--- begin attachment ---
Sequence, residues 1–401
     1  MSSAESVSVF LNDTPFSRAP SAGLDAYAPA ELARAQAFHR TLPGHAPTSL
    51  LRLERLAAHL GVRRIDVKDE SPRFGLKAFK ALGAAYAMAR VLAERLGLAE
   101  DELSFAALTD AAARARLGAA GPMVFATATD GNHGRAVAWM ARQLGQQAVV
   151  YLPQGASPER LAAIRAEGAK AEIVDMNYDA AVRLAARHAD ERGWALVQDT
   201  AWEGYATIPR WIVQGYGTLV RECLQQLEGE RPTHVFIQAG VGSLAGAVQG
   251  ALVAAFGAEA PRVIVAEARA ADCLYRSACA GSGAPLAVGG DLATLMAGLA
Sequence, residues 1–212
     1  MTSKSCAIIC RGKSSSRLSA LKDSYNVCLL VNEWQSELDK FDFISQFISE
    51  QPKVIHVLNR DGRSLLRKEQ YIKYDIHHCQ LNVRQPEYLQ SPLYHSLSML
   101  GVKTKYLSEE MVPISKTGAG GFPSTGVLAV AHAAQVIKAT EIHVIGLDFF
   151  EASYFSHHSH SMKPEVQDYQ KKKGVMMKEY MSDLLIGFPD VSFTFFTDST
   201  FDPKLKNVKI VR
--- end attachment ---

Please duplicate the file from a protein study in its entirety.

Sequence, residues 1–401
     1  MSSAESVSVF LNDTPFSRAP SAGLDAYAPA ELARAQAFHR TLPGHAPTSL
    51  LRLERLAAHL GVRRIDVKDE SPRFGLKAFK ALGAAYAMAR VLAERLGLAE
   101  DELSFAALTD AAARARLGAA GPMVFATATD GNHGRAVAWM ARQLGQQAVV
   151  YLPQGASPER LAAIRAEGAK AEIVDMNYDA AVRLAARHAD ERGWALVQDT
   201  AWEGYATIPR WIVQGYGTLV RECLQQLEGE RPTHVFIQAG VGSLAGAVQG
   251  ALVAAFGAEA PRVIVAEARA ADCLYRSACA GSGAPLAVGG DLATLMAGLA
Sequence, residues 1–212
     1  MTSKSCAIIC RGKSSSRLSA LKDSYNVCLL VNEWQSELDK FDFISQFISE
    51  QPKVIHVLNR DGRSLLRKEQ YIKYDIHHCQ LNVRQPEYLQ SPLYHSLSML
   101  GVKTKYLSEE MVPISKTGAG GFPSTGVLAV AHAAQVIKAT EIHVIGLDFF
   151  EASYFSHHSH SMKPEVQDYQ KKKGVMMKEY MSDLLIGFPD VSFTFFTDST
   201  FDPKLKNVKI VR